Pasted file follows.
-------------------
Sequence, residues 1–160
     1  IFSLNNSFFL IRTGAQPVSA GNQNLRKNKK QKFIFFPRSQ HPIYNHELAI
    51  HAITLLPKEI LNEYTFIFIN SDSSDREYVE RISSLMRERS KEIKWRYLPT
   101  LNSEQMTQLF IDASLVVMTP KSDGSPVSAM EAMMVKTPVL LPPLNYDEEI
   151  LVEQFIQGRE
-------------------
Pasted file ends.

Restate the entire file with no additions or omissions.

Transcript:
Sequence, residues 1–160
     1  IFSLNNSFFL IRTGAQPVSA GNQNLRKNKK QKFIFFPRSQ HPIYNHELAI
    51  HAITLLPKEI LNEYTFIFIN SDSSDREYVE RISSLMRERS KEIKWRYLPT
   101  LNSEQMTQLF IDASLVVMTP KSDGSPVSAM EAMMVKTPVL LPPLNYDEEI
   151  LVEQFIQGRE